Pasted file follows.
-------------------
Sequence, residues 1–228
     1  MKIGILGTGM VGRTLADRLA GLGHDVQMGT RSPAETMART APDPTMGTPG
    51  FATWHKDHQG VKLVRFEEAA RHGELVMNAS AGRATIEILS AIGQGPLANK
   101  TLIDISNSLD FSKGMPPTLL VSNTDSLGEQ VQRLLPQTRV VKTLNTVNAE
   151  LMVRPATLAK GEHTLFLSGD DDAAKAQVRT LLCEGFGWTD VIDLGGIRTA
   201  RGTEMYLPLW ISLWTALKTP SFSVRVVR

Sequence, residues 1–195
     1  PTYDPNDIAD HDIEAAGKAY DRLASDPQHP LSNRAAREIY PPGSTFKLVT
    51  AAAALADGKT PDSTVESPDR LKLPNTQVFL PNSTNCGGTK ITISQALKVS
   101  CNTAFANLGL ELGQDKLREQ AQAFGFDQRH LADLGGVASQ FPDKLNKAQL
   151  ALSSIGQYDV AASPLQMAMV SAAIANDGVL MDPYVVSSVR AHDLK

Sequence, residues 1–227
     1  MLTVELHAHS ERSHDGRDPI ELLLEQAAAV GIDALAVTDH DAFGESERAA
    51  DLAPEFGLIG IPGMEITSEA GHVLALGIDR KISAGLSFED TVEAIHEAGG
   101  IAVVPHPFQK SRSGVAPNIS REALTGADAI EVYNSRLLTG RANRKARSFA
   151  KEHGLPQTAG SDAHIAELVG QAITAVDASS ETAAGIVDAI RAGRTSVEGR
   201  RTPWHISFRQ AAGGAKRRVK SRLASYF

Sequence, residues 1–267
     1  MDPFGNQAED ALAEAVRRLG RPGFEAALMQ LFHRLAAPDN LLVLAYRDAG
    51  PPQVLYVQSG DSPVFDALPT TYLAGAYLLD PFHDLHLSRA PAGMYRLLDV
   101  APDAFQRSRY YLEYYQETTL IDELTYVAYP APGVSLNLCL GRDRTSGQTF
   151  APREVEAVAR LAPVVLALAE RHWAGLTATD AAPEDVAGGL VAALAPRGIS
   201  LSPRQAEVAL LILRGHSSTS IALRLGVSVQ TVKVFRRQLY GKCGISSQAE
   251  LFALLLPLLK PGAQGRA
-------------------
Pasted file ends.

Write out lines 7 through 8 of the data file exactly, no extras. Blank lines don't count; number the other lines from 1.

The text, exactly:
Sequence, residues 1–195
     1  PTYDPNDIAD HDIEAAGKAY DRLASDPQHP LSNRAAREIY PPGSTFKLVT